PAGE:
- Routines – Try to keep to the routines you and your spouse established before deployment. This will bring some comfort to you and your children.
- Discipline – Don’t let discipline slip. Separation shouldn’t mean children can do what they want. Use the same rules you had before deployment.
- Involvement – Let your children help you. Ask them what chores they’d like to be responsible for and expect them to do them. But let them know how much you appreciate their help and how important it is to the family.
Deployment: Coming Home
You may automatically expect everything to have stayed the same while you were gone, but that is highly unlikely.
Your spouse has taken on a new role and learned new skills. Your friends may have made other friends. New routines were established while you were away. Your kids have grown, even if you’ve only been gone a short time.
The best advice for the returning service person is: be prepared for change.
If You’re Married – Your spouse is used to doing things on her or his own now, and you may feel pushed into a new less important role. Communicate and be patient, it may take sometime for both of you to adjust.
If you try to take charge immediately, you’re liable to be resented by both your spouse and children. The best advice family counselors can give you is to be patient. Give your household time to get back into the rhythm of being a family again.
If You’re Single – It’s possible that things may be exactly as when you left. But, just as likely, your Social situation may be different. Your friends may have found other friends. Your family situation may be changed by illness, birth, death and marriage.
See your family, renew your old friendships and take things as they come.
Returning to Your Children
Your children’s reaction to you may surprise you.
One of the most shocking things that you might find when you return is that your small children won’t speak to you at first. They may turn away, or seem afraid of you. Older children may fear that you won’t like how they’ve changed. Teenagers may feel you’ll put new restrictions on them or expect them to behave exactly the same as when you left.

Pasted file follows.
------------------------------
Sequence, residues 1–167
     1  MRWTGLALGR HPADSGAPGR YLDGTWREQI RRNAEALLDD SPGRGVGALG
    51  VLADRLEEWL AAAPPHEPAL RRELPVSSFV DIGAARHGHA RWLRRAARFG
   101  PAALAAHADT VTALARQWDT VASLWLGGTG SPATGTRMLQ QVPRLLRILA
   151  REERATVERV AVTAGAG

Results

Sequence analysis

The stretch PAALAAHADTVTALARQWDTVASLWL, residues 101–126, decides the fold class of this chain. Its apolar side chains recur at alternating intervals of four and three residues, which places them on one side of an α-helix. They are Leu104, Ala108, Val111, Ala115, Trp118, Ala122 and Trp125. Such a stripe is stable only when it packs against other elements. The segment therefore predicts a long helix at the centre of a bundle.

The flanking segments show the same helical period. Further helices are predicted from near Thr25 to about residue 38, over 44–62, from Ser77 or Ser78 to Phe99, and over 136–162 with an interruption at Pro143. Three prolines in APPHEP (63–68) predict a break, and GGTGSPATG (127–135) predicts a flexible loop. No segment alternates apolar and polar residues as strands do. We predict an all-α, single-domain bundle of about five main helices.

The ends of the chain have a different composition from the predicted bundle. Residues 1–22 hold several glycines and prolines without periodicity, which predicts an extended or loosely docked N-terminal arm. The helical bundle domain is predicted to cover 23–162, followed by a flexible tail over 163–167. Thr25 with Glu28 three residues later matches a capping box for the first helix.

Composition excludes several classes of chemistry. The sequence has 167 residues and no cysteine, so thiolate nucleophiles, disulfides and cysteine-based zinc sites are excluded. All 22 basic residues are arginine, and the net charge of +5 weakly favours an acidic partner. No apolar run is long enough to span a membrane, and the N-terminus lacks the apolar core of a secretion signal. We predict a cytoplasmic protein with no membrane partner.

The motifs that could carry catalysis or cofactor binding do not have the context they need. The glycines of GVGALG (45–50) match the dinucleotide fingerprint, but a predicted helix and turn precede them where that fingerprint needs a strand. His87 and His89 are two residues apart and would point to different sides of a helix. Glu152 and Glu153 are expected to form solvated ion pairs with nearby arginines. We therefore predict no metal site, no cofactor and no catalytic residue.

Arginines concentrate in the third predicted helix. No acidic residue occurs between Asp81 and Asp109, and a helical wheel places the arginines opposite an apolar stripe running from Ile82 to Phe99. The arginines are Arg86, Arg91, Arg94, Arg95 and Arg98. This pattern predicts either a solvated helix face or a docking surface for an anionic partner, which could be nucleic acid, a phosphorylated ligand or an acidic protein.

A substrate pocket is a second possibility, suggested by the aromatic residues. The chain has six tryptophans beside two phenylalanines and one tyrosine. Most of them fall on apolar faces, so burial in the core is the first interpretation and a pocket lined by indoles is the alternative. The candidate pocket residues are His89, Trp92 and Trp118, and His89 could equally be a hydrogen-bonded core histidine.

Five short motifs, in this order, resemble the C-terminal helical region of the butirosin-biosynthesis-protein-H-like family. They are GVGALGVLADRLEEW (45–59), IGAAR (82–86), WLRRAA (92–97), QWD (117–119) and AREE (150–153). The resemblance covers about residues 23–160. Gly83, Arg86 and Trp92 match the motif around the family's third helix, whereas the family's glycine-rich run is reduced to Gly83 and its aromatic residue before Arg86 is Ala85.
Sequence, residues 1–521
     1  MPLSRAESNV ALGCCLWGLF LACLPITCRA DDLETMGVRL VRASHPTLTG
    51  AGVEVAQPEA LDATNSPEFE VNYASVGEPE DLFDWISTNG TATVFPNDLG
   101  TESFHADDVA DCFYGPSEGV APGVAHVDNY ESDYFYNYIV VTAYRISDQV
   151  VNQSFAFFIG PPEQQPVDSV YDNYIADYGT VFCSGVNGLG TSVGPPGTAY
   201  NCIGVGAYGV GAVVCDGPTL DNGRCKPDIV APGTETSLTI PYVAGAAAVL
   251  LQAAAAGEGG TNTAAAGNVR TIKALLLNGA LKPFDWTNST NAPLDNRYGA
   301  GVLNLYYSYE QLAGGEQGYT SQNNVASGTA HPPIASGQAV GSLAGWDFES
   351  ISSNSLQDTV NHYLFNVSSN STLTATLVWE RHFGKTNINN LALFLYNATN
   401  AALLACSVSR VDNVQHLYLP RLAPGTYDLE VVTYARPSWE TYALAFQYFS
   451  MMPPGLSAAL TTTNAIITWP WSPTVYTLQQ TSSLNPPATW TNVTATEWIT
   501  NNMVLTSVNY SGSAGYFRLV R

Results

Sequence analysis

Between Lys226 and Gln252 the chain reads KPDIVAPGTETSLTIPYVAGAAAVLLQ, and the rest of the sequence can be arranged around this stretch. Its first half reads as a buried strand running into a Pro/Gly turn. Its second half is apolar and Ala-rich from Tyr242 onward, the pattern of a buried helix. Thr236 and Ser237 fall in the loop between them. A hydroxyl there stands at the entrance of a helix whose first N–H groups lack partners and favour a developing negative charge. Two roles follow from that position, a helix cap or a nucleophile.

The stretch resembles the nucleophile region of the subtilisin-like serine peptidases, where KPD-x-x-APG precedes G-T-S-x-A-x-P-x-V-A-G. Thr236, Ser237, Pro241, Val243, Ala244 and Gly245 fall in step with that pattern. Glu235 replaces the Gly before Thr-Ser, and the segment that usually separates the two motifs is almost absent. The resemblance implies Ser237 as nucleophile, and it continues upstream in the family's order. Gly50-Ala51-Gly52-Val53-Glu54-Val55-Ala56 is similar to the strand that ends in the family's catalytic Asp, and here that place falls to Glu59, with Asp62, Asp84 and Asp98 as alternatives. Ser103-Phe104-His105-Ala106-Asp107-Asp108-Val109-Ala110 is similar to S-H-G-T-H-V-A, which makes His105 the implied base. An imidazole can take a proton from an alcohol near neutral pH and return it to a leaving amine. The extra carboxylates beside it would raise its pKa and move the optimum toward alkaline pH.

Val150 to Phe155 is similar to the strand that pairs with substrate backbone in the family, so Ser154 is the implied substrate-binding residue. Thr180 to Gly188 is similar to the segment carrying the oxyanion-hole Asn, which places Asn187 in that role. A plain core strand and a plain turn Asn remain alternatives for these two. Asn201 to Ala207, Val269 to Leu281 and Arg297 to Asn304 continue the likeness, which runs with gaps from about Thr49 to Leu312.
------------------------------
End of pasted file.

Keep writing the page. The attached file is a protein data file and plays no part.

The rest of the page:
Remember that it takes time for everyone to get used to one another again.
- Spend time with your children.
- Play with them.
- Take them to events.
- But mostly importantly, talk to them.
It helps to respect the routines that were established in your absence. Respecting these can make children feel less anxious and lets them know that you approve of the way your spouse has handled things in your absence.
Familiarize yourself with what has happened while you were away.
At an appropriate time after you return, sit down with anyone affected by your deployment. Make it at a time when you won’t be disturbed by other friends or family.
It’s time to talk business, not just finances but possibly new roles. Remember, your spouse may have gotten used to handling the family finances and want to continue.
If you had set up a folder to hold receipts and other financial documents before you were deployed, you should review these now. Obviously, there will be changes in your checking, savings and credit card accounts, your investment accounts and in your IRA.
There also will be receipts for household repairs, car repairs, school fees and activities you know nothing about. Use this time to familiarize your yourself with what your family experienced at home while you were away.
Also, take another look at some of the things you put in place before you left, including automatic payments and deposits. If you found them useful, you may want to consider leaving them in place, saving you time and energy if you ever have to deploy again.
City of Fort Worth Wellness
- Peer Support Contact List
- Steps to take when called up
- Frequently Asked Questions
- Helpful Websites
- Military Pay Supplement Policy
- TRICARE Information
- Military Pay Supplement Forms
- City of Fort Worth Policy on Leave
- Your Rights Under the Uniformed Services Employment & Reemployment Rights Act (USERRA)